"Die", a sculpture by minimalist artist Tony Smith.
A 2003 blurb from the New York Times relates the acquisition of the above work of art:
By Carol Vogel
Published: May 2, 2003
A Tony Smith Finds a Home
The National Gallery of Art in Washington has just acquired Tony Smith's first steel sculpture: ''Die,'' created in 1962 and fabricated in 1968.
''It's a seminal icon of postwar American art,'' said Earl A. Powell III, director of the National Gallery. ''While we have many examples of Smith's sculptures, we don't have a work of this stature.''
The piece, which experts say is worth about $700,000, was purchased by the Collector's Committee, a group of patrons that has been financing acquisitions since 1975.
The gallery bought the sculpture from Paula Cooper, the Chelsea dealer, who had owned it since the artist's death in 1980. Previously it was in his backyard, in South Orange, N.J. Ms. Cooper said she had been looking for a good home for ''Die'' for years. ''It shows the humanist and spiritual side of the artist,'' she said.
Smith, who had been an architect for 20 years, began producing sculpture in 1960, and much of it grew out of his architecture. The form of ''Die'' was inspired by an index card file, the gallery said. Smith's instructions for fabrication were: ''a six-foot cube of quarter-inch hot-rolled steel with diagonal internal bracing.'' He said that anything larger would have implied the work was a monument and anything smaller would have made it a mere object.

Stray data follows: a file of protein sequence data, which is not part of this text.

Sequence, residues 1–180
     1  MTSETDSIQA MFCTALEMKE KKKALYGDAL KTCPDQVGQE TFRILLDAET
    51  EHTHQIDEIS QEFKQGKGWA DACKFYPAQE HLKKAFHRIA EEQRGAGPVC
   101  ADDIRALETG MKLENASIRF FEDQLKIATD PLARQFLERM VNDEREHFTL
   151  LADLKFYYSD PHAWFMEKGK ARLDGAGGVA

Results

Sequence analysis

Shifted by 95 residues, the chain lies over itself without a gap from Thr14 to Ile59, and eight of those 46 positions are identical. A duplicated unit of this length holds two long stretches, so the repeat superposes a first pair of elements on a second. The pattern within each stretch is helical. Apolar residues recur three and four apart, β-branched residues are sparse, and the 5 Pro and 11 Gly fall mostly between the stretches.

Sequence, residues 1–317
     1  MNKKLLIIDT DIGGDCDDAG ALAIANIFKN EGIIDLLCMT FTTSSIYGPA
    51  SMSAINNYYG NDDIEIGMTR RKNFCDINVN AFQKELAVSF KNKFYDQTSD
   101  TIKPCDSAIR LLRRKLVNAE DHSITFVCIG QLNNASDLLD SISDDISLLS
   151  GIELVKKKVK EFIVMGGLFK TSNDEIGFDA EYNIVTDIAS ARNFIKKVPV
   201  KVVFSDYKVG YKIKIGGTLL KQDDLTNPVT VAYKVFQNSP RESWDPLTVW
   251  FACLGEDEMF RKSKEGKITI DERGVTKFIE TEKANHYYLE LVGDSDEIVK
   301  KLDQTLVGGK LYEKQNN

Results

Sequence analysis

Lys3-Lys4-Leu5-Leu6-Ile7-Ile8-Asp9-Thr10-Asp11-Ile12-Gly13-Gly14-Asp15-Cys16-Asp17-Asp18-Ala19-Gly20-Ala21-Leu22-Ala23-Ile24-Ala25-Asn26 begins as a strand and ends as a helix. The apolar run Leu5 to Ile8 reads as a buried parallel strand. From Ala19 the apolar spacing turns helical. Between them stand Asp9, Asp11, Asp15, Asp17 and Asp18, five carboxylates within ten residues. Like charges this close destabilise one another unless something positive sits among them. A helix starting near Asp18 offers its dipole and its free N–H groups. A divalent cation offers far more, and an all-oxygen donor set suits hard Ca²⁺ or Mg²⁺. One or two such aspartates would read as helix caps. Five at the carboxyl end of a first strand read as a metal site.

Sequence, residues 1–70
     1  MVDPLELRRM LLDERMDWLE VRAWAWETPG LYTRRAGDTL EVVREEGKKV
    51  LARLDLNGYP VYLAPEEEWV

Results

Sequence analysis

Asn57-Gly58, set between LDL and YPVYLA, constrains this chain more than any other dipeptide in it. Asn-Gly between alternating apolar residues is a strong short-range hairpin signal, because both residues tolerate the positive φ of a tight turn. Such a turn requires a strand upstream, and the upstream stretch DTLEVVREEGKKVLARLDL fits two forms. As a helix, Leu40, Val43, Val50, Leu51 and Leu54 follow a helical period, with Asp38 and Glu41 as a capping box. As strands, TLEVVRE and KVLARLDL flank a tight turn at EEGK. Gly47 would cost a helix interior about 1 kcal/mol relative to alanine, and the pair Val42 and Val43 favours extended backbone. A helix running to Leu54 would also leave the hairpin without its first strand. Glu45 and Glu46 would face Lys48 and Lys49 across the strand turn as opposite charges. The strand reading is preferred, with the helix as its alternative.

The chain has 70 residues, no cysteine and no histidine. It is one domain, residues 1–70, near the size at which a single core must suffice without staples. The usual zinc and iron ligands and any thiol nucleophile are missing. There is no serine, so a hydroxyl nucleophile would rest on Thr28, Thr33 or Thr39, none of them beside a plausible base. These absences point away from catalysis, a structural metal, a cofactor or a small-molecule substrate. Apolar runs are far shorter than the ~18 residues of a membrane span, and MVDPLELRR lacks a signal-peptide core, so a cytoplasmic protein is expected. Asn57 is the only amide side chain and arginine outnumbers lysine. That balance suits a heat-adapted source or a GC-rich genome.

There are four casts of ''Die.'' Two were produced during Smith's lifetime -- this piece and one that belongs to the Whitney Museum of American Art. Two others were cast posthumously. One belongs to a collector in Philadelphia and the other to the Museum of Modern Art.
Let's get this straight. "Die" is a 6' square steel cube, actually welded out of steel plate by some nameless welder according to the "artist's" instructions, something like an architect's drawings for a building being used for its construction by inartistic dolt carpenters. We mention it because of the recent news about Tony Smith's friend and abstract artist Mark Rothko, the defacement of one of his works at the Tate Gallery in London and the purchase of another for the newish Crystal Bridges Gallery in Bentonville, Arkansas.